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We're not in Kansas anymore (Krauthammer slams Intelligent Design)
Townhall ^ | 11/18/2005 | Charles Krauthammer

Posted on 11/18/2005 7:58:33 AM PST by Uncledave

Edited on 11/18/2005 6:57:43 PM PST by Admin Moderator. [history]

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To: orionblamblam
>> Did, or did not, the early Christian church start seekign out, oh, I dunno, Roman *Emperors? . . . > You dunno. The answer is no. . . Ah. So much for Emperor Constantine...

Here's a list of Roman emperors. Tiberus ruled at the time of the Crucifixion. Constantine did not arrive for another 300 years. Further his "conversion" was the result of a dream followed by a successful battle, not missionary activity. In no way did the early Christians seek out Roman emperors for conversion

> Have you ever read the Bible? . . . Yes. Relevance?

You don't seem to know the basics -- when it was written, the first converts etc.

>>Did the Christianization of Scandinavia go top-down or bottom up? >Bottom up. Nope, top down. King Olaf Tryggvasson slaughtered those who did not convert.

The Life of Anskar

And what Christianity ended

>>Did or did not the fall of the Icelandic Republic as a going concern happen after the place was Christianized and the churches started collecting all the wealth? . . . The answer you're looking for is "yes."

Read your link more closely. The catch is that the portion of tithe revenue allocated to maintaining church buildings went not to the official church hierarchy but to the wealthy private owners (usually chieftains) of stadhir, "churchsteads," i.e., plots of land on which churches had been built.

Anyway, as noted the Icelandic Republic was Christian for almost 80 percent of its history, so it's pretty silly to say that Christianity was the the reason for its fall.

> People were tricked because they love martyrs? Well, people joined up with the Heaven's Gaters and lopped their nuts off, so...

So with all the new martyrs, how is Heaven's Gate doing now?

201 posted on 11/21/2005 6:00:11 AM PST by Tribune7
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To: Tribune7

> Further his "conversion" was the result of a dream followed by a successful battle, not missionary activity.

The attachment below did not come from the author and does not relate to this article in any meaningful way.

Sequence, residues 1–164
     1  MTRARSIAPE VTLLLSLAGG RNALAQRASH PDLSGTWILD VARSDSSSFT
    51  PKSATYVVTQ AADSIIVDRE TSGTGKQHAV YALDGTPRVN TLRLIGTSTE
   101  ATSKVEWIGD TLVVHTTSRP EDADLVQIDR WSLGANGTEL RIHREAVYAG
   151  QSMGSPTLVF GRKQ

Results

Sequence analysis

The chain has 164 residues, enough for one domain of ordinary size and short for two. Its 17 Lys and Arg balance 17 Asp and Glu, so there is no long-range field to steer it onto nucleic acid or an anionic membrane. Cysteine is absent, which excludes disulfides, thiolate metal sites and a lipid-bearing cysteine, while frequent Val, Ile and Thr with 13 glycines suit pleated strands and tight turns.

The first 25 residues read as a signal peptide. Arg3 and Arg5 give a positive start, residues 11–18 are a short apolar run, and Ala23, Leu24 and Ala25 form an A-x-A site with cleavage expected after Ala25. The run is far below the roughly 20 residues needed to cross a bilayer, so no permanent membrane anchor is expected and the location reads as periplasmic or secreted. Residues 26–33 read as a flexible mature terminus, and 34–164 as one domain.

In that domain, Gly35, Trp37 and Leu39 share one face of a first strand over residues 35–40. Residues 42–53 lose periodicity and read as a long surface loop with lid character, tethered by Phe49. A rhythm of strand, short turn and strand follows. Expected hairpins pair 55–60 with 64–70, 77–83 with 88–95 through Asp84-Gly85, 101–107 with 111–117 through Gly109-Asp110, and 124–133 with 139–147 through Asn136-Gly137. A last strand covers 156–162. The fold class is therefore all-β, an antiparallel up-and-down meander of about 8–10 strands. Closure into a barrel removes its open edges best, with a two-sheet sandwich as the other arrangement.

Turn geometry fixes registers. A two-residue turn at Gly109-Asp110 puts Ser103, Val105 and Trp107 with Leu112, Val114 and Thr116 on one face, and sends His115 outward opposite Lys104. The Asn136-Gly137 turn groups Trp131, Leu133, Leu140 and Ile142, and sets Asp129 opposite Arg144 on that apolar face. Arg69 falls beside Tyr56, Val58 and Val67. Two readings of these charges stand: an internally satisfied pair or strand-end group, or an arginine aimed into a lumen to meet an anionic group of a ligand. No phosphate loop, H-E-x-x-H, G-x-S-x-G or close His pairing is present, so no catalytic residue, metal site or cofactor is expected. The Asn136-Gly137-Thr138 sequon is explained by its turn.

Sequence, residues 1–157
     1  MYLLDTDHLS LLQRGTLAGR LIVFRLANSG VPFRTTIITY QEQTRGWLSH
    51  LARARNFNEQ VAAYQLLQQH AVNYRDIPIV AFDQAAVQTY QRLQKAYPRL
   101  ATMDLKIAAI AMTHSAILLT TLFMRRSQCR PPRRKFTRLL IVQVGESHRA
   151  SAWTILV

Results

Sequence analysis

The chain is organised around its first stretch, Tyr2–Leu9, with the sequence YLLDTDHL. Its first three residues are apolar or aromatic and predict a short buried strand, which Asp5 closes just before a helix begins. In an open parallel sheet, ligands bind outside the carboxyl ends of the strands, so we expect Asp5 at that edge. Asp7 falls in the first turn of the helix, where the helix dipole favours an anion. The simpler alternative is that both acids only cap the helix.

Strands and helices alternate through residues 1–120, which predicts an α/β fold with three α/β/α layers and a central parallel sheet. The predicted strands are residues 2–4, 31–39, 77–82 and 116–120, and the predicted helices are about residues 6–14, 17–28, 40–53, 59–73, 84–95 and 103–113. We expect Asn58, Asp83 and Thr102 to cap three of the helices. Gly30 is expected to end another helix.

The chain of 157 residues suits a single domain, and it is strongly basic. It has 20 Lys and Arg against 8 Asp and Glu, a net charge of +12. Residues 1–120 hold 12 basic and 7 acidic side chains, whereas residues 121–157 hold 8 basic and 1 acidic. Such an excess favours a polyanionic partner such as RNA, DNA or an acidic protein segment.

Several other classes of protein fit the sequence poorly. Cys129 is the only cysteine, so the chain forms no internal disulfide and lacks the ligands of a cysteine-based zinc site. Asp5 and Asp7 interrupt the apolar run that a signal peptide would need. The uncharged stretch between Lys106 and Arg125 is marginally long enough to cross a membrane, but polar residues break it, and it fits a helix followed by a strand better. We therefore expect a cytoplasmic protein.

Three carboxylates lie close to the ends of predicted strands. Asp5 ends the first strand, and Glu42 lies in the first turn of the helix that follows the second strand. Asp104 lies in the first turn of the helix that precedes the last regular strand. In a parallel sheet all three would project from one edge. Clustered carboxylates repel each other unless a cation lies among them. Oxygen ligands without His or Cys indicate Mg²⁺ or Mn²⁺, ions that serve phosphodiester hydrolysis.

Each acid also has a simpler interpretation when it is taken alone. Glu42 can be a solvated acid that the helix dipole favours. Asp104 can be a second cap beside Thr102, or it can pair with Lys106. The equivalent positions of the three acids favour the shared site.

Ah.... no. He knew of Christians, otherwise he woudl not ahve understood or have 3even *had* the dream he supposedly had.

> > Have you ever read the Bible? . . . Yes. Relevance?

> You don't seem to know the basics

Yes, I do. However, what the Bible says isn't actually relevant here. We're discussing history.

> The Life of Anskar

Interesting choice of links there to bolster your view that Christianity wasn't imposed, but chosen by the masses:

"The Emperor Charlemagne, who died on January 28, 84, had waged a series of seventeen campaigns extending over thirty-three years (772­805) against the Saxons, his avowed object being to compel them to accept the Christian faith."

More than a few historians are of the view that Charlemagne was responsible for the Viking Era... by stomping into lands where the Norse/Teutonic gods were worshipped and slaughtering the worshippers, he initiated a response. And if this view is true, the Viking raids on Christian monestaries, rather than being acts of barbarism, were retaliatory strikes against an aggressive alien religion.

> And what Christianity ended

Yes, Christinity wiped out the Vikings. Also wiped out the light of "pagan" Greek scientific learning from Europe for nearly a thousand years, only rediscovered from the *Arabs.*

> So with all the new martyrs, how is Heaven's Gate doing now?

Well, they reached their chosen end-point. So I guess they're doing ok.

Of course, Buddhist monks have a tendency to live lives of poverty and non-violence and being persecuted, and sometimes set themselve son fire in protest of this or that, and Buddhism seems to have been rolling along just fine for rather a long time. Hell, Eastern religions like Buddhism and Hinduism seem to stress that "life sucks," so by your arguement, the "only explanation" for the success of those religions is that they must be true.


202 posted on 11/21/2005 7:42:18 AM PST by orionblamblam ("You're the poster boy for what ID would turn out if it were taught in our schools." VadeRetro)